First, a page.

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No 21 | November 2017 |



Use cases

Now that we understand

the benefits of printed sensing

technology for IIoT applica-

tions, let’s take a look at several

use-case examples that would

benefit from implementing them.

Logistics and Supply

Chain Management

Printing sensors on labels for

warehouse and freight monitoring

allows for much more than just

basic inventory tracking. It is now

possible to determine the impact

of environmental conditions on a

product’s shelf-life using tem-

perature, moisture and volatile

organic compound sensors. For

example, labelling oranges with

printed sensors allows produce

suppliers to gather data to allow for predic-

tive monitoring over the orange’s lifetime,

including temperature maps, the humidity

of the storage and shipping environment,

and its shelf-life based on different environ-

ments, cost and energy usage. This data

can be used by grocery stores for inven-

tory control to reduce produce waste.

Manufacturing Environment

In a manufacturing environment, there

are multiple opportunities to put printed

and flexible sensors to work. For example,

they can be used to monitor equipment for

predictive and preventive maintenance by

tracking the effects of aging on tool parts.

Printed sensors can also be placed on tubing

and hoses to measure flexion, temperature

and moisture, analyse the impact expansion

and contraction has, and determine when

the part might fail. This helps minimise tool

downtime by allowing for replacement

before parts fail. Flexible strain sensors can

also be used in robotics for feedback.

Printed temperature sensors can take

the guesswork out of sensing in a manufac-

turing environment. For example, current

approaches to monitoring a temperature coil

on a manufacturing tool require attaching a

solid sensor to a metal tube and performing

computational algorithms to determine the

temperature. Alternatively, printed sensors

can be adhered directly to the coil’s surface

to provide an accurate reading without

performing a computational exercise.

Resource Management

The use of printed sensors could have

a considerable impact on the safety and

security of a particular environment, from

a smart facility to a smart city. In a closed

factory setting, printed sensors can be inte-

grated into personal protective equipment,

such as wearable devices and clothing, to

monitor the temperature, moisture and air

quality of the environment and determine its

impacts on employees’ health and well-

ness, as well as for regulatory-compliance

monitoring and reporting. On a grand

scale, printed sensor arrays can be used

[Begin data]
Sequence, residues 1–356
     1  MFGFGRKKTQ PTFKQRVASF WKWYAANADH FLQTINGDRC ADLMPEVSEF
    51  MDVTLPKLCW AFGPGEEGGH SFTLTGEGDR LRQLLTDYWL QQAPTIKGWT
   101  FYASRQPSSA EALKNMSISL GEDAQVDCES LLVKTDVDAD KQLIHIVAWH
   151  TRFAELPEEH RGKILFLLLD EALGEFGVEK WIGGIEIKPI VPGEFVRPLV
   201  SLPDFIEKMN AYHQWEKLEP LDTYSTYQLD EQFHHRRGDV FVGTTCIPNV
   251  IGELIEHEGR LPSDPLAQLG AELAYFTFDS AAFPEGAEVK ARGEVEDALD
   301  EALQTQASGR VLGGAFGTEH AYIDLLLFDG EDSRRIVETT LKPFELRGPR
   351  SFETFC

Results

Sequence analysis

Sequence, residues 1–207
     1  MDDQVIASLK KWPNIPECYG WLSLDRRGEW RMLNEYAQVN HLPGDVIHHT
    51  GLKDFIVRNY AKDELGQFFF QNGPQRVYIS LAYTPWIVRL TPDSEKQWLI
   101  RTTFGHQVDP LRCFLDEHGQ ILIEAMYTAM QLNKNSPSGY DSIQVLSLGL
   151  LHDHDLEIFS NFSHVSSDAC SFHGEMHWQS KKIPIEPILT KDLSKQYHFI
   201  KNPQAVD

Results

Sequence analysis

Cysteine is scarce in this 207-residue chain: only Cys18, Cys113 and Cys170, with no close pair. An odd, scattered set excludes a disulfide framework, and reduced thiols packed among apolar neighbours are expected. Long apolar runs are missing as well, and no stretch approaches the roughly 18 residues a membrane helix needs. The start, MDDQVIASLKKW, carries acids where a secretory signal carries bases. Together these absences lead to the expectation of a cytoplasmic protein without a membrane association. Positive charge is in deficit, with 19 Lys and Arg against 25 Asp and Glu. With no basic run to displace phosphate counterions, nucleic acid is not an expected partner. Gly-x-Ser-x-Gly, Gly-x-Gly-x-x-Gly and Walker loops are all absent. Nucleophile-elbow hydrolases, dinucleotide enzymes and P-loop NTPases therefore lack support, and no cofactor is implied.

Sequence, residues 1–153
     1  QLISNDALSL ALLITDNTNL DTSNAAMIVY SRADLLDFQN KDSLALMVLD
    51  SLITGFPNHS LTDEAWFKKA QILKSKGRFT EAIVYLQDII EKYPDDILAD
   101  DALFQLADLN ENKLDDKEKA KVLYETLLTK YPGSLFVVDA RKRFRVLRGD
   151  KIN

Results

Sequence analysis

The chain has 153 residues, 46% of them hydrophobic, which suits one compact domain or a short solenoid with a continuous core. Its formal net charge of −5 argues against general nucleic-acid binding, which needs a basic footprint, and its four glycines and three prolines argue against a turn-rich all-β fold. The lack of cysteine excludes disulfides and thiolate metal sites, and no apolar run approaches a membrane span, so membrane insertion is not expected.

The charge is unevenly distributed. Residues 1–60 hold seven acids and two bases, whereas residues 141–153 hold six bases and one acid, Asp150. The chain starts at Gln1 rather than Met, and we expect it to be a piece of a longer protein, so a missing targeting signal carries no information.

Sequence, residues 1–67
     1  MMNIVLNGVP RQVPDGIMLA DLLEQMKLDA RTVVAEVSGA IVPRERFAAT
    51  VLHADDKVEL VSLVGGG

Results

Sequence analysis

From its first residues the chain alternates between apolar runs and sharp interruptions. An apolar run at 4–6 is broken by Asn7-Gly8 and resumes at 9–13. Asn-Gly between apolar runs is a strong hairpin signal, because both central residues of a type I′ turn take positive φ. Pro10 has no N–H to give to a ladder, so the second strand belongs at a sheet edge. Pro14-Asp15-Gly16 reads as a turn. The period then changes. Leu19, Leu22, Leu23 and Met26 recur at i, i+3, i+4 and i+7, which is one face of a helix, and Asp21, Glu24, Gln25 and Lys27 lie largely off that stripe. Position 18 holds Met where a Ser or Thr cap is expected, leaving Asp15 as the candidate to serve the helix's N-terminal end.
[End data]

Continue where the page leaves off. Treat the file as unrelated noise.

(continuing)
for managing water quality by testing pH,

nitrates, and for metals and ion conductivity.

Availability of

printed sensors

Over the past few years, Brewer

Science has engaged in the research

and development of a family of carbon-

based printed and flexible sensors for

moisture, temperature and flex sensing

that is ideally suited to IIoT applications

(Figure 3). As a whole, these sensors are

extremely sensitive to minor changes,

provide highly accurate sensing data in

real time, and offer a low-cost alternative

to the more expensive silicon solutions.


The only thing standing in the way of

unleashing the full power of printed sensor

technology on the IIoT is a general lack

of awareness about its full potential and,

by association, its slow pace of adoption.

Because the technology is still very much in

its infancy, there is still much to be proven;

and more field data is needed to support

claims. For example, there are

concerns about sensor robustness

and lifetimes. To address this,

Brewer Science is running con-

trolled tests to provide data such

as the maximum number of bends

a sensor can accommodate.

Growth in emerging printed

sensor technologies – such as

biosensing, gas sensing and

photodetectors – that are

moving from R&D into high-

volume manufacturing will help

put these concerns to rest. In

fact, market research company

IDTechEX predicts the market

for fully printed sensors will

reach $7.6bn by 2027.



Science will continue to work

closely with customers, not only

on printed and flexible sensor technologies,

but also to deliver customised integrated

systems that provide solutions for sensing

applications wherever they are needed.


(1) Industrial Internet of Things





(2) Khan, K.: “Printed and Flexible Sensors

to be Next Big Point in the Internet of

Things,” September 2016



(3) “Industrial IoT Market by Device and

Technology,” February 2017, Markets

and Markets Report



(4) Eror, N., et al.: “Introduction to

Sensors,” Expanding the Vision of

Sensor Materials, Committee on New

Sensor Technologies: Materials and

Applications, 1995, Ch. 1, p. 9.

(5) ibid.

(6) “Printed and Flexible Sensors 2017-

2027: Technologies, Players, Forecasts,”





Figure 3: Members of the printed sensor family developed by

Brewer Science